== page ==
When I tick one of these off (on the Palm, it disappears into a "done" folder) I then go back to the project memo and see what's next. Then that is copy and pasted back into the ToDo list. General todos which are done (e.g. buy milk) are just done and that's that. I found this way of doing it really helps me keep track of everything

              Phew - what a ramble. I hope that helps a little - in short, I think you need to go through your list of ToDos and process them properly. You also need to decide how to fit these processed items into you "system", whether it be the Clie or a notepad or something.

              Keep at it anyway - I know I was tweaking and messing with my system for ages before I felt I had it completely sorted, it took several revisions. But now every time someone says to me "wow, how do you keep track of these things- you're so organised!" and get a lovely glow

              Comment


              • #8
                Very helpful! Evaluating the options.

                You guys are great--thanks for your input!

                For some reason, putting a task-after-the-next-task onto the the @WaitingFor list never occurred to me. Whack!

                I've read and re-read and re-read the GTD book, but somehow the relationship between the sections seems to escape me. I will re-read the sections you folks suggested and see if they make more sense now.

                About the Excel spreadsheet, it is very appealing to avoid another learning curve, even though there might be better software out there. I know I can export my to-do's from Palm to Excel, but can I import the list back into Excel? But to answer my own question, the reason for putting it into Excel is to add some fields, so I guess not. (Right?)

                If not, I'm thinking I will continue to use the Palm for the calendar and memos, and move the to-do's over to Excel or to the free software someone mentioned.

                Eventually I hope to be able to afford a smartphone so I don't have to enter phone numbers in 2 places. (If I can get a handle on GTD, I anticipate making more money this year. ) Will I be able to synch info at home and at work the way I can with my PDA?

                I'm feeling less overwhelmed just knowing that I've narrowed my next-steps down to 2 options--Excel or a free program--which is exactly the point GTD makes about the power of decision making. I've stayed stuck in ready-aim-ready-aim mode. Any decision at this point would be a step in the right direction.

                I just can't wait to reach the "stress-free productivity" state. Sounds heavenly! I feel that I'm close to leaping over the chasm with some confidence, and all this preparation and puzzlement will pay off in my life.

                Happy trails,
                Judith

                Judith Waite Allee
                Co-author, "Educational Travel on a Shoestring"
                and "Homeschooling on a Shoestring"

                Comment


                • #9
                  Very helpful! Evaluating the options.

                  You guys are great--thanks for your input!

                  For some reason, putting a task-after-the-next-task onto the the @WaitingFor list never occurred to me. Whack!

                  I've read and re-read and re-read the GTD book, but somehow the relationship between the sections seems to escape me. I will re-read the sections you folks suggested and see if my synapses connect better now.

                  About the Excel spreadsheet: It is very appealing to avoid another learning curve, even though there's specific software out there. I know I can export my to-do's from Palm to Excel, but can I import the list back into Excel? But to answer my own question, the reason for putting it into Excel is to add some fields, so I guess not. (Right?) I'm especially looking forward to using colors.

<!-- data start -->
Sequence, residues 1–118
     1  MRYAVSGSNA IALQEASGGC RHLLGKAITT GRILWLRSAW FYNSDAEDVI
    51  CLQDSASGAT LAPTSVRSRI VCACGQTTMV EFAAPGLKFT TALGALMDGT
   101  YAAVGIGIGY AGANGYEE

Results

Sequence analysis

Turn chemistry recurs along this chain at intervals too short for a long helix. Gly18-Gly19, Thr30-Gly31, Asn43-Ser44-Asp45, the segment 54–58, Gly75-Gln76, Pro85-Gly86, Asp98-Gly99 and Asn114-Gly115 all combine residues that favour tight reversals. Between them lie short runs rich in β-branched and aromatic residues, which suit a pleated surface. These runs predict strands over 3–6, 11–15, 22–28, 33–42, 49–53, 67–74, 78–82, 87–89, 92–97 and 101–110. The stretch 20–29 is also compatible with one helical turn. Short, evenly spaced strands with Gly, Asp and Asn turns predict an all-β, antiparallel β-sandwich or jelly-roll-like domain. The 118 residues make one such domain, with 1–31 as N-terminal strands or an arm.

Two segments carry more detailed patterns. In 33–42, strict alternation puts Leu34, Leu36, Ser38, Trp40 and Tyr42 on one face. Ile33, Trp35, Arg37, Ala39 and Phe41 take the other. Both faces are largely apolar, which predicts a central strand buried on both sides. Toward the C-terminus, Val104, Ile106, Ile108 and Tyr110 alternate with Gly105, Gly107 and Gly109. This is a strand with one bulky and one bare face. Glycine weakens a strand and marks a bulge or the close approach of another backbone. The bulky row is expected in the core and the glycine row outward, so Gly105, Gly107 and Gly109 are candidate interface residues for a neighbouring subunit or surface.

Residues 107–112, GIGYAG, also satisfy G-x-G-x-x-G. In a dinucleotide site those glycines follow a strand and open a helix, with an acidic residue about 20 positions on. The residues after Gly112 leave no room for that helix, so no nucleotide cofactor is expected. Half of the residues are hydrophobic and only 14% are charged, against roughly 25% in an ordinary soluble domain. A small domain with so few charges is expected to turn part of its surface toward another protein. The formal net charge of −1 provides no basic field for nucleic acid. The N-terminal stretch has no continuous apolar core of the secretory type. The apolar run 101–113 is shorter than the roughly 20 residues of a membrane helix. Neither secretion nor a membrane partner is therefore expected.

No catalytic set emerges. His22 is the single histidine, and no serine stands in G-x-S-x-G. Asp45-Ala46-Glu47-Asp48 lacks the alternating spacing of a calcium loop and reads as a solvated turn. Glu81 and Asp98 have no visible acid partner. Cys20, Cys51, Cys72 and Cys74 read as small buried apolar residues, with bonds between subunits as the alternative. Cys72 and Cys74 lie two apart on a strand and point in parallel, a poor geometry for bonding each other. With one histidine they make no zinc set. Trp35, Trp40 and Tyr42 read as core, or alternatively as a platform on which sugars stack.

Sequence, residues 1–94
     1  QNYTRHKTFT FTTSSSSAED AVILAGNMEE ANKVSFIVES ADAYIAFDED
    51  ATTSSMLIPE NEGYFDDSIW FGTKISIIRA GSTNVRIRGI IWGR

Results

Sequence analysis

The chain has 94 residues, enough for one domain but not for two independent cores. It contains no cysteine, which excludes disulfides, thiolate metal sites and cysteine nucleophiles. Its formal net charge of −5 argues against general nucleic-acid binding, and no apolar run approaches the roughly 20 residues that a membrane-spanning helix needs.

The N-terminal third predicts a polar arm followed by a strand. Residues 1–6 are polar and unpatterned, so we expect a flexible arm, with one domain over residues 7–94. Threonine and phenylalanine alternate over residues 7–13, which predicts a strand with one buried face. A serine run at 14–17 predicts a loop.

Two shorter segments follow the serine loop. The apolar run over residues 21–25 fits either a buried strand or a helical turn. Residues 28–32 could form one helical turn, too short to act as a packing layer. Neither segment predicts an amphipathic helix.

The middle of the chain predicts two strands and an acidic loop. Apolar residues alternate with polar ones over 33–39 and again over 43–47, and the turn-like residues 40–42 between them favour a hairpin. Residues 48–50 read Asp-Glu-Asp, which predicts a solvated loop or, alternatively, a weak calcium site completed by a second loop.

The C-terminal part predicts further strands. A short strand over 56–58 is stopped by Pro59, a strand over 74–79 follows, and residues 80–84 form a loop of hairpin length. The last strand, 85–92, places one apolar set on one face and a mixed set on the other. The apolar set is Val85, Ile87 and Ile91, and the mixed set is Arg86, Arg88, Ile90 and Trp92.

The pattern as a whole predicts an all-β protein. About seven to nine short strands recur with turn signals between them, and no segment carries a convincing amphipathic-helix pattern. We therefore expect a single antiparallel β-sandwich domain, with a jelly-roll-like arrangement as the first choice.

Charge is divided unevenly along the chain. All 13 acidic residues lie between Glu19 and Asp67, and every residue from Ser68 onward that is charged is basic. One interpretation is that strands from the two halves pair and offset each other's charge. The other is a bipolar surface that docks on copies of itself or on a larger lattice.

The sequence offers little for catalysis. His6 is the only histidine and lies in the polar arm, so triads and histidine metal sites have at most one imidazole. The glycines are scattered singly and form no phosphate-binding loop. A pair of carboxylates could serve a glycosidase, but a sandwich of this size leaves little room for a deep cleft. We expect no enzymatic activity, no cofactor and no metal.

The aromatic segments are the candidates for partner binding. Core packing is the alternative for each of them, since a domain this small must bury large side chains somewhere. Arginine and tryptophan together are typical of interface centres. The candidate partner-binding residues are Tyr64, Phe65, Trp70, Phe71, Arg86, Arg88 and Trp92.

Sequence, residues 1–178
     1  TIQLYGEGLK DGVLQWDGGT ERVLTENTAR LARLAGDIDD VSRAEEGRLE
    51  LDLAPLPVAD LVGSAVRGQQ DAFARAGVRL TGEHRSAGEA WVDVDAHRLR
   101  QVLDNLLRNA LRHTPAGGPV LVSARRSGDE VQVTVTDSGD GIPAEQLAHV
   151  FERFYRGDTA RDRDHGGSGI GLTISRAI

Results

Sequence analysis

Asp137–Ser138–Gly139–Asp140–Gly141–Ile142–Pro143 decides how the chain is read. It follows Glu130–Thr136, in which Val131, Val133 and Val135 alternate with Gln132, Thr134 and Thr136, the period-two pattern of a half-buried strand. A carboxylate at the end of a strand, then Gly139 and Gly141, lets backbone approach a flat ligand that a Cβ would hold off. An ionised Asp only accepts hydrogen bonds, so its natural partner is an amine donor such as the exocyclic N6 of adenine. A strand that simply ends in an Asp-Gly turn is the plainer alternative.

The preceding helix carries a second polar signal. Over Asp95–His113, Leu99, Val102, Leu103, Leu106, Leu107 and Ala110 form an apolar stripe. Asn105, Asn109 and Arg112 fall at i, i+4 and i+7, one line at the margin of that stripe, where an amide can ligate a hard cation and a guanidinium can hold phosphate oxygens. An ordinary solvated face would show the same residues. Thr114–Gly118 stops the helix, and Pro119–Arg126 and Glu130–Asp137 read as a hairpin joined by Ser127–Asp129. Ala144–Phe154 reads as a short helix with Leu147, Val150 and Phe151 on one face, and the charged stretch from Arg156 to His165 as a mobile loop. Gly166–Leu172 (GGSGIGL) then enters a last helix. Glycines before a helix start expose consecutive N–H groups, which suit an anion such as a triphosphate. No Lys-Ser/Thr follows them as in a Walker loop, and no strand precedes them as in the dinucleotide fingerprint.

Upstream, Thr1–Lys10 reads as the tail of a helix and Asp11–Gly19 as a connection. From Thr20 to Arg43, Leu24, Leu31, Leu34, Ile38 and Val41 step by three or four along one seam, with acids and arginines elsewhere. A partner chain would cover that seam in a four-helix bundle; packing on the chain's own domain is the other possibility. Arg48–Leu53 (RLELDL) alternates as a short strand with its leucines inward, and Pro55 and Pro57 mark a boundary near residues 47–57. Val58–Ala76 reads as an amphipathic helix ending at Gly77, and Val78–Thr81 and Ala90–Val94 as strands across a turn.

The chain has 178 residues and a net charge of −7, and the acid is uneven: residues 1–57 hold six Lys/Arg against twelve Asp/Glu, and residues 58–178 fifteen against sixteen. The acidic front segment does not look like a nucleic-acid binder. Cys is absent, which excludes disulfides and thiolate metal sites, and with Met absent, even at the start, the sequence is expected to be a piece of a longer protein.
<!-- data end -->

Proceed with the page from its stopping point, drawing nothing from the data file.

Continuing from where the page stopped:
Is there a template for Excel out there?

                  If not, I'm thinking I will continue to use the Palm for the calendar and memos, and move the to-do's over to Excel or to the free software someone mentioned.

                  Eventually I hope to be able to afford a smartphone so I don't have to enter phone numbers in 2 places. (If I can get a handle on GTD, I anticipate making more money this year. ) Will I be able to synch info at home and at work the way I can with my PDA?

                  I'm feeling less overwhelmed just knowing that I've narrowed my next-steps down to 2 options--Excel or a free program--which is exactly the point GTD makes about the power of decision making.

                  I've stayed stuck in ready-aim-ready-aim mode. Any decision at this point would be a step in the right direction.

                  I just can't wait to reach the "stress-free productivity" state. I've been working a lot of 16-hour days due to the chaos. Sounds heavenly! I feel that I'm *this* close to leaping over the remaining chasm with confidence, and all this preparation and puzzlement will pay off in my life.

                  Happy trails,
                  Judith

                  Judith Waite Allee
                  Co-author, "Educational Travel on a Shoestring"
                  and "Homeschooling on a Shoestring"

                  Comment


                  • #10
                    Originally posted by judithallee View Post
                    For some reason, putting a task-after-the-next-task onto the the @WaitingFor list never occurred to me. Whack!
                    Probably because originally the Waiting For list is only a list of follow-ups (it could be called that way). It ocurred to me because 1. I donīt have so many follow-ups, 2. I also planned sequences of actions ahead for different projects, 3. I donīt carry with me reference material for all my projects (I am paper based) 4. I want to be able, in case I finish a precedent NA, to do the following if I am at the appropiate context, so I need a reminder.

                    If you are working with a palm, you could make lists of Planned Actions by context or project and place the tasks-after-the-next-task there
                    Last edited by Marcelo; 10-12-2009, 11:05 PM.

                    Comment


                    • #11
                      Thanks for the shout-out

                      Originally posted by Layla View Post
                      Some helpful info in the virtual study group too..
                      Hi Layla,

                      Thanks for the mention. For those who haven't found us, we're at http://gtd-vsg.blogspot.com.

                      Best wishes,
                      tara

                      Comment